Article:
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Re: Stand up for the war
« Reply #108 on: August 17, 2004, 02:57:01 PM »
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jgruber

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Re: Stand up for the war
« Reply #109 on: August 17, 2004, 03:08:40 PM »
Mr. Bush is the president and C in C.  Through his emphatic actions, we went to war.

You seem to be trying to disassociate him from the war.  Why?


It's dishonorable to tie them to Dubya instead of to tie them to America.  They died for America, for their friends and relatives, not for George Bush.  They died to protect us from another calamity on the scale of 9/11.  They gave their lives to keep us safe.  The antiwar crowd just wants to blame everything on Dubya all the time.  But not so fast.  If you enjoy breathing and enjoy the liberties America offers, you're enjoying more than many people around the world.  And I don't want to cheapen the deaths of 9/11 victims so I won't go there, except to say that if it weren't for 9/11 most of our men in uniform wouldn't be fighting for their country right now.  I believe that.  I think the terrorists brought the fight to our doors, and our eyes were opened to the anti-American philosophy in the Middle East that was leading us down a path of becoming a target.  Usually people are talking about sports when they say the best defense is a strong offense, but I think it holds true in this case.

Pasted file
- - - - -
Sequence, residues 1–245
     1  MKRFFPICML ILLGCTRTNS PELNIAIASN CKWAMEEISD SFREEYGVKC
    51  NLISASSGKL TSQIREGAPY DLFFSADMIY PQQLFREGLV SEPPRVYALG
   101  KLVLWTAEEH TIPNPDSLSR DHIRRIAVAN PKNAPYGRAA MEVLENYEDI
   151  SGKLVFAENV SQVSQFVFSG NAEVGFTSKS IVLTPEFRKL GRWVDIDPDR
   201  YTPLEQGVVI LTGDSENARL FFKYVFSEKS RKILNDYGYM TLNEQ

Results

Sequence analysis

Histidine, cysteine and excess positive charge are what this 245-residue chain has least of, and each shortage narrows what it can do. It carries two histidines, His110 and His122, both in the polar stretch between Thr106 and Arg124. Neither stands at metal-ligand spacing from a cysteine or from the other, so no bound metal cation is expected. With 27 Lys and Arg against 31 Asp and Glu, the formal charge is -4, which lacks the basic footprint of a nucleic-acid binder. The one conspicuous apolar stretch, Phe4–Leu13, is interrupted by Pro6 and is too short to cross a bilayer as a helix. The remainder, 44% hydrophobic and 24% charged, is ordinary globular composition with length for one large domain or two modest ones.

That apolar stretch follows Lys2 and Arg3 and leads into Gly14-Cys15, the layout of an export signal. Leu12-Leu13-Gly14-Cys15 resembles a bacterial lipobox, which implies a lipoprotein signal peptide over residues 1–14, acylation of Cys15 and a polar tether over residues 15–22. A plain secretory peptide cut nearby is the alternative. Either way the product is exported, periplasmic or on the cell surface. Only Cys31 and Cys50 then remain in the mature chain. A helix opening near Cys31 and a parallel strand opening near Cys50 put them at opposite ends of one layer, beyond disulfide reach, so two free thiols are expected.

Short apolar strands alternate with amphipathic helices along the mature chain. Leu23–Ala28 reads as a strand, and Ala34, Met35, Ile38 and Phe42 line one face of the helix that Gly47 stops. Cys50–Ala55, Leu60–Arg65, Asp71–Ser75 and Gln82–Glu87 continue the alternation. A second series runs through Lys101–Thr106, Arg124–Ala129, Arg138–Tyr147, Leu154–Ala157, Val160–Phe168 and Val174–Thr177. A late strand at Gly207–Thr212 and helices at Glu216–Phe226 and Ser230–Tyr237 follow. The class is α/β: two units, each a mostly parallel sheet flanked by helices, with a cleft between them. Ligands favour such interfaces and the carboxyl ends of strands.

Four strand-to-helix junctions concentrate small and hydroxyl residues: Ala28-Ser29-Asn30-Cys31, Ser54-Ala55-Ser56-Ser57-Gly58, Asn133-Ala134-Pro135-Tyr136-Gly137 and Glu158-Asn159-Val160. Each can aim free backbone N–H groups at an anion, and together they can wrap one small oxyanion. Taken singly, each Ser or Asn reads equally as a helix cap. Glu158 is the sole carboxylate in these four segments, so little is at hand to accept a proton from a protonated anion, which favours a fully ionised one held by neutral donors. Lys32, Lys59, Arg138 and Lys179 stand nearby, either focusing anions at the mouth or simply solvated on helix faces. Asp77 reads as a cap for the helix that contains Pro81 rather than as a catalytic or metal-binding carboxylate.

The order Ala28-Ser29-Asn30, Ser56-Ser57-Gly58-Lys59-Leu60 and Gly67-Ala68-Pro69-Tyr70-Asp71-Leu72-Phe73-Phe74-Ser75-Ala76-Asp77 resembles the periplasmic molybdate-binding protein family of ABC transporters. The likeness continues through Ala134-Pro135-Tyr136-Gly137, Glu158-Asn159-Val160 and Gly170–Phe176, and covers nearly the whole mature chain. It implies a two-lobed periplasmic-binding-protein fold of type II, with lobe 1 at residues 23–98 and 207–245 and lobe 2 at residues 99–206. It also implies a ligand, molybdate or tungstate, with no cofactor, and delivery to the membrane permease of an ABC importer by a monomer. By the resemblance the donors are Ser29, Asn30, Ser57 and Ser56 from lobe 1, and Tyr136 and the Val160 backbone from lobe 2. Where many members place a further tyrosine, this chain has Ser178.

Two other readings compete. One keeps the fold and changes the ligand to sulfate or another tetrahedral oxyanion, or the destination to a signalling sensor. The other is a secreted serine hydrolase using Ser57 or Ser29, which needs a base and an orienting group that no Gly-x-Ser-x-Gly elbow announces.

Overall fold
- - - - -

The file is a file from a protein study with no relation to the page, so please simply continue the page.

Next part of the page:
ZAP

does that picture cheapen their sacridfice?  It strongly ties their sacrifice to dubya.  if that is a dishonor where does the dishonor come from?

I'm pretty sure you don't mean that being associated with dubya is dishonorable.

I wasn't speaking of you in particular.  I was saying there are a great deal of people, like the guy who made the picture of President Bush with pictures of dead military members, who fit this image.